Continuous Monitoring of Skin Temperature Using a Liquid‐Crystal Thermometer During Anesthesia
AbstractABSTRACT:Forehead skin temperature measured by a strip of liquid-crystal material was compared to esophageal, rectal, and axillary temperatures measured by thermistor probes in patients having general anesthesia for coronary artery bypass grafting. Before extracorporeal circulation, forehead skin temperature was lower than axillary, rectal, and esophageal temperatures by approximately 2.2 C (4.0 F). During rapid warming, forehead skin temperature rose concurrently with the other temperatures measured but remained significantly different. The liquid-crystal strip may be useful as a safe, convenient method for routine monitoring of temperature trends during general anesthesia in patients whose exact core temperature need not be continuously monitored. We believe that infants, patients undergoing extracorporeal circulation, major abdominal, vascular, or neurosurgical procedures, or patients with a history of temperature regulatory problem are probably best monitored by a method which more exactly reflects core temperature.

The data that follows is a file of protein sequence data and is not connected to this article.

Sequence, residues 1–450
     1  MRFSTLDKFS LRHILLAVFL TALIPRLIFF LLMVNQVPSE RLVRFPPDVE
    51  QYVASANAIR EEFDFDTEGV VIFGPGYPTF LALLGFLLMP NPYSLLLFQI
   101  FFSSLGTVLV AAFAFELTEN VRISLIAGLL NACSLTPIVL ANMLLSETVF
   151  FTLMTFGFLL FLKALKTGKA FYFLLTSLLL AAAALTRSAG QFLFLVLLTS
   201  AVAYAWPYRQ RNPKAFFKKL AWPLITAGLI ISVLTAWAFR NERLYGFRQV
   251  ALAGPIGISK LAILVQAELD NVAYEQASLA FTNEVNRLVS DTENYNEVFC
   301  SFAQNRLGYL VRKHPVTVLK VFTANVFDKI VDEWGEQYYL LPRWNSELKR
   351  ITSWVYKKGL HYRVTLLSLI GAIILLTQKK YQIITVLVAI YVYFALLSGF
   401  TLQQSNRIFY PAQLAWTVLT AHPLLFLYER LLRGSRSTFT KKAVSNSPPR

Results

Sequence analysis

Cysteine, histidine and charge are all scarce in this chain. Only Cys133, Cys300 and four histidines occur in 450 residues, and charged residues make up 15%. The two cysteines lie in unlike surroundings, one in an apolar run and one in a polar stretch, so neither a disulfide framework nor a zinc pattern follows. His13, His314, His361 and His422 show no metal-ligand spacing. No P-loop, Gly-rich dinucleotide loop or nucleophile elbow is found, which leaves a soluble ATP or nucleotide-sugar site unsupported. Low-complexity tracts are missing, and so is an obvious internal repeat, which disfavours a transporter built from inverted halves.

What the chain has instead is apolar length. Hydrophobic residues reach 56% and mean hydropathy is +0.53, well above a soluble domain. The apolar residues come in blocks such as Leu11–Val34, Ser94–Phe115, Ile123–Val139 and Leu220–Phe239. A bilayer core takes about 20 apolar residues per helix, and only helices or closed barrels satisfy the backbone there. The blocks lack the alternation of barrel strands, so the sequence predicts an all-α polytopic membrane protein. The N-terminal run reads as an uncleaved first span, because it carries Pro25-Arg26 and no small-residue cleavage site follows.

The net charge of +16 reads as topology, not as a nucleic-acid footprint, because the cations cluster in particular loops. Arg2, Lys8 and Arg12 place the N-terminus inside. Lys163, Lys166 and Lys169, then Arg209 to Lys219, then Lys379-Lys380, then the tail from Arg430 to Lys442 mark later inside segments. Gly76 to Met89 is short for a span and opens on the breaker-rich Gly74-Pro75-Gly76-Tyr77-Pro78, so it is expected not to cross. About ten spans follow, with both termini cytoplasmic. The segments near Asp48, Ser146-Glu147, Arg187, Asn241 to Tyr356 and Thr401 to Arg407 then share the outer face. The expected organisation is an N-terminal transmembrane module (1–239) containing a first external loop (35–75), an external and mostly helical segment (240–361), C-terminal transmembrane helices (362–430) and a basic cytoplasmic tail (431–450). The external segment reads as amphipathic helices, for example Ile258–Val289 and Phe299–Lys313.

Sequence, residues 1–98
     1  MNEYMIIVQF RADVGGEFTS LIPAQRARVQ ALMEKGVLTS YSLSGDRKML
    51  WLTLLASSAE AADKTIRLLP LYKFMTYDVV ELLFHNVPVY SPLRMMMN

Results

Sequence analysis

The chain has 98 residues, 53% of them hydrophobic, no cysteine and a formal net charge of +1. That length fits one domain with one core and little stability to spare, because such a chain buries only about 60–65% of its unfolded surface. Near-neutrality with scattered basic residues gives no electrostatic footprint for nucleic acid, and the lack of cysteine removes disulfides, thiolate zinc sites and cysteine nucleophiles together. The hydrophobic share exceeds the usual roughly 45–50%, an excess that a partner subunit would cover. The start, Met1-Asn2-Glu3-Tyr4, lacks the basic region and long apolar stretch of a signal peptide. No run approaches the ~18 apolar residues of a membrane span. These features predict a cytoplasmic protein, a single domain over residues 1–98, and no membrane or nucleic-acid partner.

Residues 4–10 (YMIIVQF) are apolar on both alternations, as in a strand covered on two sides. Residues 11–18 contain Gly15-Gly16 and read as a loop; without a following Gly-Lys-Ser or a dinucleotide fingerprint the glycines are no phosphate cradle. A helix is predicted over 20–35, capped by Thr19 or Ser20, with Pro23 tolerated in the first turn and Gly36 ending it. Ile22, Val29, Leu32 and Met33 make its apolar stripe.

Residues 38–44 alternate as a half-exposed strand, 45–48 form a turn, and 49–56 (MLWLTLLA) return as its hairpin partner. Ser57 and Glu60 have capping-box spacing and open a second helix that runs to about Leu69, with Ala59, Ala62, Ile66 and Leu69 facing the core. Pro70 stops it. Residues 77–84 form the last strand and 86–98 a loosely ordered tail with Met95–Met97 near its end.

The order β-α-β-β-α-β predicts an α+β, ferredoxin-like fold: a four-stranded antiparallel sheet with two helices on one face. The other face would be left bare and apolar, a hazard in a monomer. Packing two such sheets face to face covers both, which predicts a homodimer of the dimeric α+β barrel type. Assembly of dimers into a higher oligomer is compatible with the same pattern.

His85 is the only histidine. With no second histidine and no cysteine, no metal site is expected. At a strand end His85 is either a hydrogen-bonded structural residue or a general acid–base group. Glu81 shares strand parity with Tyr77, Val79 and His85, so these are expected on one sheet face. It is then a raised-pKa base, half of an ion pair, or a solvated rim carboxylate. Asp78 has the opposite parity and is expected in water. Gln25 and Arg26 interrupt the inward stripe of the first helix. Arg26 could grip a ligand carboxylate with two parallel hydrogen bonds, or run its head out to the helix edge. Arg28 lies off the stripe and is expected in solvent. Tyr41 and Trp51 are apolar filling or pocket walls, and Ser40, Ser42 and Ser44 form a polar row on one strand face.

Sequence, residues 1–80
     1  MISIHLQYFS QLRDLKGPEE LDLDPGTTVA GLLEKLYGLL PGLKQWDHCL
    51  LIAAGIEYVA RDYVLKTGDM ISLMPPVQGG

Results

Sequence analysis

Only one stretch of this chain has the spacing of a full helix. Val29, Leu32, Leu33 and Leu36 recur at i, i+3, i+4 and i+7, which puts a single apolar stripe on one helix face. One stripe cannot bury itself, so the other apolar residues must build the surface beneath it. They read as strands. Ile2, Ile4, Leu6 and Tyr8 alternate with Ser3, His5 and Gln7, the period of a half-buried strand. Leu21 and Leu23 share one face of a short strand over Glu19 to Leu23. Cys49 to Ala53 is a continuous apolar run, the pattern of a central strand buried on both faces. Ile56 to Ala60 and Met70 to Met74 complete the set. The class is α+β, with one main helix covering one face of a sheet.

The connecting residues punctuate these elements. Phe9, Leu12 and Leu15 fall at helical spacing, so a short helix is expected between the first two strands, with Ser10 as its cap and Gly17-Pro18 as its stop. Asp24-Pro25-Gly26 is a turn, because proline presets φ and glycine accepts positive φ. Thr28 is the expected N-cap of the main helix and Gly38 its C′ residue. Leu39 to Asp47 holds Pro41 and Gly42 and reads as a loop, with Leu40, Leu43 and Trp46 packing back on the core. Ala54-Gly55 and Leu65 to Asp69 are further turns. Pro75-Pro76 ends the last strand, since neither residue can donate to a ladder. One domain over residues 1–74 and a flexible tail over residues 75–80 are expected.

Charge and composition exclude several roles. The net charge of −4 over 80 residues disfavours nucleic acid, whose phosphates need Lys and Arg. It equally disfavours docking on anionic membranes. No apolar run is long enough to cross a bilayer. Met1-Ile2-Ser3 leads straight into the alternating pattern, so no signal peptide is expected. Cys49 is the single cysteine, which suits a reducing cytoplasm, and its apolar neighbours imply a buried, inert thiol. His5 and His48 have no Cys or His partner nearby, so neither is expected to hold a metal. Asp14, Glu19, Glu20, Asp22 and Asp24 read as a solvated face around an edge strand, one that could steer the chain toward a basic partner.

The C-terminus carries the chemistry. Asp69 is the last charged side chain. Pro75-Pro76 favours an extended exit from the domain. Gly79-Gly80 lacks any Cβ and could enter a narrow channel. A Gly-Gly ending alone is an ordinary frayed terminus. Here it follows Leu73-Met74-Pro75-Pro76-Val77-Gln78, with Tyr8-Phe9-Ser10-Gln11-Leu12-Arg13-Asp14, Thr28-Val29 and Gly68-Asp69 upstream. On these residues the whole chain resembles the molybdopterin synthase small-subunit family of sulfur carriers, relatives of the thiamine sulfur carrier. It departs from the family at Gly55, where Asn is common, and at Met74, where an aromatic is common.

This content is limited to qualifying members.
If you have an existing account please login now to access this article or view your purchase options.
Create a free account, then purchase this article to download or access it online for 24 hours.
Create a free account, then purchase a subscription to get complete access to all articles for a full year.